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Decision time looms for Kane as Manchester United looks the plausible move

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The prospect of Harry Kane leaving Tottenham for Manchester United is very real. Photo: Yui Mok/PA Wire

The prospect of Harry Kane leaving Tottenham for Manchester United is very real. Photo: Yui Mok/PA Wire

PA

The prospect of Harry Kane leaving Tottenham for Manchester United is very real. Photo: Yui Mok/PA Wire

It was not the answer Tottenham Hotspur wanted to hear, but it was typical of Harry Kane that when he was asked about his future he did not duck it.

"I've always said if I don't feel we are progressing as a team or going in the right direction, I'm not one to stay there for the sake of it," he said, during an Instagram Q&A with Jamie Redknapp, the Sky Sports pundit and former Tottenham midfielder.

Kane and Redknapp are friends, so maybe Kane's guard was down a little in going quite so far in speaking of his future, although he surely knew what he was saying and the effect it would have. Neither will the sentiment have come as a shock to Spurs or Daniel Levy, their chairman, who will maintain the striker is not for sale at any price.

The problem for Kane is that it is starting to feel like it is now or never if he is to do what many had previously considered unthinkable: leave Spurs, despite his love for the club, to win trophies.

Impulse

It is a natural sporting impulse and who can blame him, even if Spurs will note that, not only is he their highest-paid player, on £200,000 (€223,000) a week, but has a contract that runs until close to his 31st birthday in 2024.

But Kane will be 27 in July, so the clock is ticking. Any reasonable assessment would suggest that if he is finally going to leave then it has to be by the summer of 2021. His prime will lie between the ages of 28 and 32. If he waits much longer than the next 12 months, the ship may have sailed.

Within that time frame, would even the staunchest of Jose Mourinho's supporters or the most positive of Spurs fans envisage them challenging for trophies? It is difficult to see, with Mourinho having said he does not have the budget to reshape a squad in desperate need of an overhaul.

Of course, even if no one knows the likely state of the transfer market in the wake of the coronavirus pandemic, selling Kane would give a substantial boost to the funds available to ­Mourinho. At the same time, the fans may feel that Kane has done as much as he can for the club, and would they really begrudge him going if it was finally to win the silverware he wants?

When Kane was coming through at Spurs, players such as Luka Modric and Gareth Bale were in the first team and, while they had both left by the time he established himself, their influence had been there. Now Kane is probably looking around the squad and wondering, who else is there? What more can I do? There is Son Heung-min, but beyond the Korean, the burden is on Kane.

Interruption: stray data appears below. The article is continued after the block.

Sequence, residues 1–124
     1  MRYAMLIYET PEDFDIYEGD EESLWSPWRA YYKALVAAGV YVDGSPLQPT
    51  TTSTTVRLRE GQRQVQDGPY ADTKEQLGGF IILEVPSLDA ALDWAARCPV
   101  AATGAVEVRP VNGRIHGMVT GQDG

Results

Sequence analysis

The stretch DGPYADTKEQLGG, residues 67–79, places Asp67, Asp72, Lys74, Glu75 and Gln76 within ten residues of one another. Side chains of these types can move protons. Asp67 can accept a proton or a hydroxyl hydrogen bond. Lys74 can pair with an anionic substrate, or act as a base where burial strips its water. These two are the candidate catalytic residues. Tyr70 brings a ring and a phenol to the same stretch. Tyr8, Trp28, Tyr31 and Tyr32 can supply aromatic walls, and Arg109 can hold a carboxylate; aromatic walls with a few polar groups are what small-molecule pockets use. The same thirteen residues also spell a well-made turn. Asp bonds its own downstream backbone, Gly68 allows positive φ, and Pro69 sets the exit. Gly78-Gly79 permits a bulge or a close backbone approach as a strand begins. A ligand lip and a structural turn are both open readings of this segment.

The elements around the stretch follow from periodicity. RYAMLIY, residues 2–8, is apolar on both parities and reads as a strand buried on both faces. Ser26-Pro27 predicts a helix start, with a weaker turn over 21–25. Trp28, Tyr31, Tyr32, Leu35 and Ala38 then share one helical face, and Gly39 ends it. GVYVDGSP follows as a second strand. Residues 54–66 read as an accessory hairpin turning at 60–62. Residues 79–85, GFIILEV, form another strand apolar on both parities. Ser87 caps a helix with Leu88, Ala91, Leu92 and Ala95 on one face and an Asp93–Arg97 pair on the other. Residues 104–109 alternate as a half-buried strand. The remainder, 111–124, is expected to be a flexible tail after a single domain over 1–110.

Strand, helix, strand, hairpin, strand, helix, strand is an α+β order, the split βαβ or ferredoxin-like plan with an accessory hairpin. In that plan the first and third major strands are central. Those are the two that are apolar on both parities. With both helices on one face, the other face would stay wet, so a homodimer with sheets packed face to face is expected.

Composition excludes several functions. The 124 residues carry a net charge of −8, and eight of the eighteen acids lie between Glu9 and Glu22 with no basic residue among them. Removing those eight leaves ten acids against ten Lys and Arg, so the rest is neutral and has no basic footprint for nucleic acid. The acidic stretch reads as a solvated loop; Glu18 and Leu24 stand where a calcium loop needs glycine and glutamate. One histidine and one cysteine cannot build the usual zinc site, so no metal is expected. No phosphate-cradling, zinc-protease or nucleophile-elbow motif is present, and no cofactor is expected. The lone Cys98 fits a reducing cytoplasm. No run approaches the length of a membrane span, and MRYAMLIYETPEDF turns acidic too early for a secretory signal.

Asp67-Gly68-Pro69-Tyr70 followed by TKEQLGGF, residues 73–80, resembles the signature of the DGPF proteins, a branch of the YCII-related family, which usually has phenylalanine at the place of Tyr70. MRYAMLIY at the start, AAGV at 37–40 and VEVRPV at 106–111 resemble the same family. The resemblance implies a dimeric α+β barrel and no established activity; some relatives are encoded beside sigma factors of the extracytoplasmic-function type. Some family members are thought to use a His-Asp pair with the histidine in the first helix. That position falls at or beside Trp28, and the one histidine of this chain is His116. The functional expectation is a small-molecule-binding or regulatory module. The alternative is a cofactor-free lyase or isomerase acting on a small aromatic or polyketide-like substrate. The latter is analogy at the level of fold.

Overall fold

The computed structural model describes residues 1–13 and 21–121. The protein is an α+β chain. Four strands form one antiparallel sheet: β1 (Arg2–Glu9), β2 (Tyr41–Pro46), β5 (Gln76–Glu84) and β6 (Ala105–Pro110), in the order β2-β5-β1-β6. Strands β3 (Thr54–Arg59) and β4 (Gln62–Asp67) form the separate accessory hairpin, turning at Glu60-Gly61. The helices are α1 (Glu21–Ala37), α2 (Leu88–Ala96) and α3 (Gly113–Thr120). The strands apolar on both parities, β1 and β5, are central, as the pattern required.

It may make a difference if Spurs are able to bring in a player such as Philippe Coutinho, with whom they were in talks to sign last summer, but who appears set to convert his loan to Bayern Munich into a permanent deal.

A player such as that would provide some of the big-club experience Spurs appear to lack. The comparison is often drawn between Kane and Steven ­Gerrard, who remained a one-club man with Liverpool during his career.

But while Gerrard had Istanbul and winning the Champions League with Liverpool in 2005 - when the midfielder had just turned 25 - to sustain him, Kane has already passed that age, with Spurs having lost last season's Champions League final. By then, Gerrard had also won the FA Cup, League Cup and Uefa Cup and, although he never won the Premier League, he won more trophies before he retired.

Kane has won nothing. Gerrard's salary reflected his status and, while Kane is well paid, he would receive more elsewhere. Spurs cannot compete with the biggest teams in terms of performance. Neither can they do so in terms of finance.

So, what now? Spurs will maintain that Kane is not for sale, a stance that will put off some clubs who know how difficult it is to negotiate with Levy. The market for a player of Kane's stature is limited in the current climate and, while he may move abroad, Premier League logic would suggest Manchester United would be a likely destination.

Spurs may not have sold a player to United since Dimitar Berbatov in 2008, a deal which annoyed Levy, but it did not prevent them being open to negotiating over Bale. That move did not happen because United left it too late and, even though they eventually offered more than Real Madrid, Bale's mind was made up.

The situation may prove ­different with Kane. Whether United are ­prepared to test Spurs' resolve or have the means to do so remains to be seen. What it does feel like, though, is this is a story gathering momentum. (© Daily Telegraph, London)

Telegraph.co.uk